Don't miss a moment from Paris-Roubaix and Unbound Gravel, to the Giro d’Italia, Tour de France, Vuelta a España, and everything in between when you join Outside+.
Nairo Quintana (Movistar) dropped race leader Chris Froome (Sky) and Joaquim Rodriguez (Katusha) on the final steeps of the Annecy-Semnoz ascent to win stage 20 of the Tour de France on Saturday.
The three had been alone off the front since shortly after a determined pursuit by Movistar, Sky and Katusha reeled in an escape by the irrepressible Jens Voigt (RadioShack-Leopard), who collected the day’s combativity prize for his efforts.
Froome threw the first punch, but Quintana delivered the knockout blow, riding to the stage win by 18 seconds ahead of Rodriguez, with Froome rounding out the day’s podium in third, another 10 seconds behind.
The move vaulted the little Colombian into second overall, 5:03 behind Froome, while Rodriguez slipped into third at 5:47.
Their gains were Alberto Contador’s loss. The Saxo-Tinkoff captain couldn’t respond when the going got tough and slipped off the podium altogether. He now sits fourth overall at 7:10.
“When one gives everything they have, that’s it … I could not be at 100 percent. One must congratulate those who have passed ahead of me,” said Contador.
Froome was a happy man in the post-stage interview.
“I can’t quite believe that I’m sitting here in this position. This really is amazing,” he said. Barring the parade stage into Paris, he added, “This is the GC side of it pretty much sorted out now.”
Quintana was likewise delighted to have won a stage — and taken the mountains and white jerseys — in his debut Tour.
“It’s like a dream to be on the podium, to win the KoM, the white jersey. This Tour unfolded better than I could have imagined,” he said.
The break du jour
The day’s escape contained Igor Anton Hernandez (Euskaltel-Euskadi), best placed at 23rd overall, 42:13 behind Froome; Pierre Rolland and Cyril Gautier (Europcar); Mikel Astarloza Chaurreau (Euskaltel-Euskadi); Christophe Riblon (Ag2r); Simon Clarke (Orica-GreenEdge); Voigt; Marcus Burghardt (BMC); Juan Antonio Flecha Giannoni (Vacansoleil-DCM); and Pavel Brutt (Katusha).
Movistar was driving the chase.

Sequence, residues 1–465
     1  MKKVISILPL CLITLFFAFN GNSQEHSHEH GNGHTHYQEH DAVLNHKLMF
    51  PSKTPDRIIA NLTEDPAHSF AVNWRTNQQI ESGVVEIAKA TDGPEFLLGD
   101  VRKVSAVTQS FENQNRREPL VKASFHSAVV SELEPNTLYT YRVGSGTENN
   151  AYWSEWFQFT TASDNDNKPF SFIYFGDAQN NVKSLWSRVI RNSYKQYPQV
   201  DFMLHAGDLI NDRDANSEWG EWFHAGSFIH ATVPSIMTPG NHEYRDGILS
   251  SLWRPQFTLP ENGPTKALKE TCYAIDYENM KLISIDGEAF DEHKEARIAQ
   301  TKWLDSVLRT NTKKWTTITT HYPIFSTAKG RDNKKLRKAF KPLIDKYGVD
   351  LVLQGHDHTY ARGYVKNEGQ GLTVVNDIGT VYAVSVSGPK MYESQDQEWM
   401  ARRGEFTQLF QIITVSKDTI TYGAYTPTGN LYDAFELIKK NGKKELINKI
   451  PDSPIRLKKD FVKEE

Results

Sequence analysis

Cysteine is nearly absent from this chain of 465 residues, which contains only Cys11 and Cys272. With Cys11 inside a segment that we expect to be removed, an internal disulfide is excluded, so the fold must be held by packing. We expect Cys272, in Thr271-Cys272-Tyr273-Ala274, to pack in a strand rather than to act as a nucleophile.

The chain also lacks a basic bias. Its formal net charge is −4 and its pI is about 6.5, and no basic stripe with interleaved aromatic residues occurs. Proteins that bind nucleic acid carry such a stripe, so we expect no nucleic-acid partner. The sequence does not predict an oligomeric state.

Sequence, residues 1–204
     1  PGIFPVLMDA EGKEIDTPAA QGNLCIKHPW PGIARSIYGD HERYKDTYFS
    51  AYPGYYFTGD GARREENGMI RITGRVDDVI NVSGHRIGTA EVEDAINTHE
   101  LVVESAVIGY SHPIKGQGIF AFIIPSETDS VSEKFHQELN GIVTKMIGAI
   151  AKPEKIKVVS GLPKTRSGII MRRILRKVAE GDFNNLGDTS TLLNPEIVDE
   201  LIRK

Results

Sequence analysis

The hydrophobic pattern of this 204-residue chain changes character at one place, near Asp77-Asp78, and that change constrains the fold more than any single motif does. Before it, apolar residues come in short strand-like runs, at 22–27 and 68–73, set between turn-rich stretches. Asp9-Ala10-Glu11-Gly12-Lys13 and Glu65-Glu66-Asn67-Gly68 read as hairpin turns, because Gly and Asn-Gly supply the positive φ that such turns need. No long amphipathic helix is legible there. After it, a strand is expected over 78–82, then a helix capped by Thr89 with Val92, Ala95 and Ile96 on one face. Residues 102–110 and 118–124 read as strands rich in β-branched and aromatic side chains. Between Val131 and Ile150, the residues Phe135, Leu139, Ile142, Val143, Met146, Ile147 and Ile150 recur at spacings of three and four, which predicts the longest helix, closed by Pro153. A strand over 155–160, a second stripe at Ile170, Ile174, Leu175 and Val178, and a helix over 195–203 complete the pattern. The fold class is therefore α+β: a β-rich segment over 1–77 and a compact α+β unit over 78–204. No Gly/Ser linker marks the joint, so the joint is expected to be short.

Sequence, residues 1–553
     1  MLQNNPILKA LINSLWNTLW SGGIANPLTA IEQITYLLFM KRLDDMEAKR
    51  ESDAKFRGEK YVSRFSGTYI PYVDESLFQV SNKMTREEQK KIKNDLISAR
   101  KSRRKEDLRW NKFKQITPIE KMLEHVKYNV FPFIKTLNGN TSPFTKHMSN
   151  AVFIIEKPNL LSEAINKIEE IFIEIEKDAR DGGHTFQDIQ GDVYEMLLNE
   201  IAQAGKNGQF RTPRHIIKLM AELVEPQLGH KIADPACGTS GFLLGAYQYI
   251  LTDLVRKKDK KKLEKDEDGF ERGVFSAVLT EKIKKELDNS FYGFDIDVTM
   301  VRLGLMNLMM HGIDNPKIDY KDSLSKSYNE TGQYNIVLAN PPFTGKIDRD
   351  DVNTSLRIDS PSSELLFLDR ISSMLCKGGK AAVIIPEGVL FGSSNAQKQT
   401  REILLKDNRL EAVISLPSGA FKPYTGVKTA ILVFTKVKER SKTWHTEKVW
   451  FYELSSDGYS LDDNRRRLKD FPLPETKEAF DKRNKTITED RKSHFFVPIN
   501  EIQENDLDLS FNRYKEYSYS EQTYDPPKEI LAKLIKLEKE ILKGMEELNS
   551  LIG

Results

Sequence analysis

Peter Sagan (Cannondale) locked up the green jersey, assuming he finishes in Paris, after taking three points to Omega Pharma-Quick Step’s Mark Cavendish’s four in the intermediate sprint.
With 70km remaining the escapees had less than a minute on the bunch.
As the break hit the lower slopes of the Mont Revard, Voigt gave it some stick and quickly shed Rolland and the others. Clarke and Brutt tried to follow, but Voigt didn’t seem to want company and forged ahead alone, chased by Anton.
Behind, world champion Philippe Gilbert and BMC teammate Tejay van Garderen had a go out of the chase. They assembled a chase from the remnants of the break, a pursuit that boiled down to van Garderen, Clarke, Rolland and Riblon as the climb wore on.
Voigt summited alone with Anton some 38 seconds down. Rolland led the first chase, now a group of nine riders, a couple of minutes in arrears, with the yellow-jersey group nearly four minutes down.
That left only the valley and the final obstacle of the day, the 10.7km, hors categorie grind to Annecy-Semnoz. Voigt remained alone out front, but the chase, powered by Katusha, Movistar and Sky, was closing in on van Garderen, Riblon and Alexis Vuillermoz (Sojasun).
Movistar did the final bit of work with Alejandro Valverde, Rui Costa, Quintana, Froome, Richie Porte, Rodriguez and Contador all in the first chase.
As Voigt was pulled back in, Rodriguez opened hostilities on one side, and Quintana followed suit on the other. And then Froome attacked, opening a big gap.
But it wasn’t big enough. Rodriguez towed Quintana up to him and it was a three-man lead group bound for the line.
Quintana and Froome let Rodriguez do the work as Contador fell further and further behind.
And then Froome jumped, Quintana countered, and off the diminutive mountain goat went. He took the stage ahead of Rodriguez, but Froome was the man who bore the biggest smile as he crossed third.
“The GC is over now,” he said. “Tomorrow is a stage for the sprinters. For me, the Tour’s done.
“Today was a very hard stage. It was a hard final climb. I was only thinking of the yellow jersey. Quintana and Rodriguez made it a very hard climb. Only in the last 2km did I realize for the first time that I could win [the Tour]. …”
After a very successful day in the saddle Quintana was wondering whether he might have a Tour victory in him, too.
“The team rode perfectly for me today, everyone gave their all for me to win today. I have to thank them for this victory,” he said. “Maybe some day I can come back to try to win the Tour.”
Sagan, meanwhile, was wondering whether he might be able to add the final stage as a sweetener to his green jersey.
“I feel very good, I am very happy. We have only won one stage, but tomorrow is another chance,” he said. “We made a very good Tour de France. The big goal was to win the green jersey, so we are content with that. Tomorrow to win? Why not? I want to win. We will see what happens.”
• Andrew Talansky (Garmin-Sharp) had a fine last day in the mountains, climbing to sixth on the day to move into 10th overall at 18:22. “I proved I have what it takes,” he said. “This is confirmation of what I did in the Vuelta last year. I have what it takes to race and compete for the top 10 in a grand tour. And it’s always what I thought I was going to be able to do, but it’s nice to kind of come through and be able to show once again that my body’s kind of designed for three weeks of racing.”